Hot Off the Presses scours the internet for newly published books from unknown authors, and saves everyone else the trouble of actually reading books to find out if they’re good or not. New posts every Tuesday and Thursday. This is meant for entertainment purposes only, not serious consumer advice. And there will be spoilers.
It’s been a long time, weeks probably, since I had this much fun reading about cannibalism. Oh, don’t look at me like that. It’s an early twist, and I won’t spoil the insane bits at the end. Humanity Lost by Meghan Douglass is a sci-fi horror novella about a desperate crew on an ill-fated mission to save the Earth.
“As he walked past the Captain who was busy slaying any small flames with a fire extinguisher, he said ‘We’ll be eating tonight sir, and it comes pre-roasted.'”
The future of the human race depends on the cargo vessel Not-stromo recovering fuel from another solar system to power generation ships that will take the human population far from the dying Earth. The ship is on its way back, full to the bulkheads with precious cargo, when our story begins. It’s never clear what exactly this “fuel” is, since its exact nature is unimportant and Douglass’ plot is trimmed to the bone as it is, so I’m just going to assume there’s some planet out there made of human hair soaked in Everclear. I also wondered when I started this book how a single fuel run is supposed to power so many massive generation ships, but that just goes to show how unprepared I was back then.
Naturally, on a mission of critical importance you send the B-team: scrappy, wise-cracking misanthropes like in that hit film, Prometheus. I know I promised not to spoil too much, but I will let you in on one last secret. Not everyone on this crew gets their bonus. In most group settings we follow the staid and sturdy Cpt. Captain. Then there is Cassidy, who has sexy-messy hair, “mysterious, alluring eyes,” genius-level intelligence, and is historically young for her achievements, and… this was the first shocker of the book—the Mary Sue is not the main perspective character. There’s Jax, the ship’s engineer played in your mind’s eye by your choice of either Michelle Roderiguez or Colby Smolders. For some reason they also thought to send dweeb Maddon and smart-ass Simmons, who between them have a life expectancy measured in Planck lengths. Then there’s Ramirez, the perfectly ordinary doctor, with access to all the crew’s plump, succulent bodies. Totally normal. Nothing to see here.
“Jax was so young and pretty. Cassidy was sure she would taste the sweetest of all of them.”
And then, oh no! Things that were supposed to go right go wrong instead! For starters, their suspended animation pods malfunction and they don’t have enough food to make it back to Earth alive. I wonder what’s going to happen next? The danger in Humanity Lost plays out like a panto, with characters willfully ignoring their own imminent doom while the reader shouts “behind you!” None of this creeping horror faff, just straight to the good stuff. And by good stuff I mean cartoon violence and mayhem. The twists get increasingly insane, to the point that I started giggling. I choose to believe that tells you something about the book and not my own mind, shut up.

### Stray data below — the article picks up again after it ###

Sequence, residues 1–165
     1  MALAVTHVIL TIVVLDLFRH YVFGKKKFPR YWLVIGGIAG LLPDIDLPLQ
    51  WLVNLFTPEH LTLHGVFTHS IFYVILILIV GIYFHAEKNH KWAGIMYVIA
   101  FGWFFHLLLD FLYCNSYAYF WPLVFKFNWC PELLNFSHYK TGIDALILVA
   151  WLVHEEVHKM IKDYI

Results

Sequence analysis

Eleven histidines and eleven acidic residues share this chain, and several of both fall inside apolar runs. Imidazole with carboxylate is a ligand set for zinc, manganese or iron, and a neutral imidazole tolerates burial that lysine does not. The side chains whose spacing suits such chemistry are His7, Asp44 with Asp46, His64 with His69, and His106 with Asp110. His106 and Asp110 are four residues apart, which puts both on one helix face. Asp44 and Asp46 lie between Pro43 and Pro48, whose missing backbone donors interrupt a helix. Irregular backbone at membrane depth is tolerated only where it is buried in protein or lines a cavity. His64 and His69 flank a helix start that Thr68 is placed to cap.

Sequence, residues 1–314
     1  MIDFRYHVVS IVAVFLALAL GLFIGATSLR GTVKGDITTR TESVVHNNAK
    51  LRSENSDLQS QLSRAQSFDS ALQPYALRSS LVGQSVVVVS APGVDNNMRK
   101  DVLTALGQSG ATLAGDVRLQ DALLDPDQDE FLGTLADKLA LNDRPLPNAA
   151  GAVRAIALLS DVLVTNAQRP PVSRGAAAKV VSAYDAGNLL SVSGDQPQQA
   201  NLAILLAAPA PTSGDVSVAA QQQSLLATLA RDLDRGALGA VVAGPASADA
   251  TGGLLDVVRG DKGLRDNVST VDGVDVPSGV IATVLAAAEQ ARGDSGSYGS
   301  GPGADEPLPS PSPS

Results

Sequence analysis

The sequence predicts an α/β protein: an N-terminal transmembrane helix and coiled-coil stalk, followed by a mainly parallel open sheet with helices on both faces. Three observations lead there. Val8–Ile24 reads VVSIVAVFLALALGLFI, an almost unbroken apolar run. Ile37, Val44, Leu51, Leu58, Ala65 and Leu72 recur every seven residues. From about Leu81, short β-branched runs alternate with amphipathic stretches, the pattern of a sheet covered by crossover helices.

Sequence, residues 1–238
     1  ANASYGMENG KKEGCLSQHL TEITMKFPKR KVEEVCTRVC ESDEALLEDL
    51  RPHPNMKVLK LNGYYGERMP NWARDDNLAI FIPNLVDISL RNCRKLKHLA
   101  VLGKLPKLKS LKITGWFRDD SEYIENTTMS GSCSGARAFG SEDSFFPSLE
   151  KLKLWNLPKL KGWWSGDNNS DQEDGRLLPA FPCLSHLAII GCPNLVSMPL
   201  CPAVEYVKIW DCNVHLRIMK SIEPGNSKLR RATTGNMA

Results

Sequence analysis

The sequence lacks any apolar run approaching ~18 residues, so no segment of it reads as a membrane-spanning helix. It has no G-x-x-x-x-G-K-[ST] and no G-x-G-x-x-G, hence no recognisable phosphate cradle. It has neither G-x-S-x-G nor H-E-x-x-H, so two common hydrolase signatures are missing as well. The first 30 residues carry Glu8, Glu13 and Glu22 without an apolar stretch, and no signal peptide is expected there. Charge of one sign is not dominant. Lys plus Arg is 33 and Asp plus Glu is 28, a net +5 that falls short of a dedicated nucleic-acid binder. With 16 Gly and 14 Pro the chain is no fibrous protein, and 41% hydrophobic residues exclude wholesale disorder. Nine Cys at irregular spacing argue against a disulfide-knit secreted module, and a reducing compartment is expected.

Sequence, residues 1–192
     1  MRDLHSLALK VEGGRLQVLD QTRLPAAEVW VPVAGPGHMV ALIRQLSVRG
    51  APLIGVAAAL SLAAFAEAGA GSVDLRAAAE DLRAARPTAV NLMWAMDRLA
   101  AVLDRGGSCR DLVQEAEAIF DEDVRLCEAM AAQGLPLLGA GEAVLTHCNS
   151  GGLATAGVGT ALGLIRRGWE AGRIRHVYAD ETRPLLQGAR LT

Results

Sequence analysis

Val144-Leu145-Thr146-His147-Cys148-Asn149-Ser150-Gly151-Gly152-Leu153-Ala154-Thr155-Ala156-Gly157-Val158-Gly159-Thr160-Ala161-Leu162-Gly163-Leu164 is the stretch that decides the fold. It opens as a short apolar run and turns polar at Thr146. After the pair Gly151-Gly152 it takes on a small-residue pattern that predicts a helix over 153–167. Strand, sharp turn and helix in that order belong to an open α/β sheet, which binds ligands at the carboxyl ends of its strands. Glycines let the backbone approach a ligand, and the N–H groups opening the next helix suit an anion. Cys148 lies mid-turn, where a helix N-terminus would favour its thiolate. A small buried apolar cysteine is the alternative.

Eventually the story almost settles into a routine, like that episode of The Simpsons Treehouse of Horror where the faculty and staff of Springfield Elementary start to enjoy eating the children. It’s as fun and tongue-in-cheek as an 80s zombie movie, and nearly half as tasteful. At only around a hundred pages, the novella whams and bams its way through the plot so fast it made an audible whoosing sound every time I tapped the edge of the page. I’ve seen at least one person suggest that Humanity Lost should be the first draft of an expanded full-length novel, where the action could get the proper pacing it needs. Meghan, listen to me. I know you’re reading this; put down the meth and listen for a second. Don’t you change a thing. Never stop not stopping, Meghan, you hear me? You beautiful unicorn with a chainsaw on its forehead, don’t you ever change.
Of course, it’s not perfect. No one drinks from a skull, and I did not notice a single bottle of Chianti. More seriously, the prose is pretty slap-dash. We’re often told that something is very spooky, rather than shown it. And the language can be repetitive, including multiple title drops. If you played a drinking game where you took a shot of human hair soaked in Everclear every time the author reminds us that the characters have “lost their humanity,” you would probably be asked to leave Applebee’s. Using the same method to describe something over and over is a common problem when you’re writing in a hurry. Personally, I often use Thesaurus.com when I can’t think of a word. To date it has not revealed the word I want a single time, but having something to do with my hands helps me think.
I’ve spoiled more of this one than I like to, but it’s only because I need to share what happened to me. This was a short but wild ride, and I can’t recommend it enough. Buy Humanity Lost by Meghan Douglass. It’s literally a dollar. Just buy it and come join me on this side of the rest of your life.
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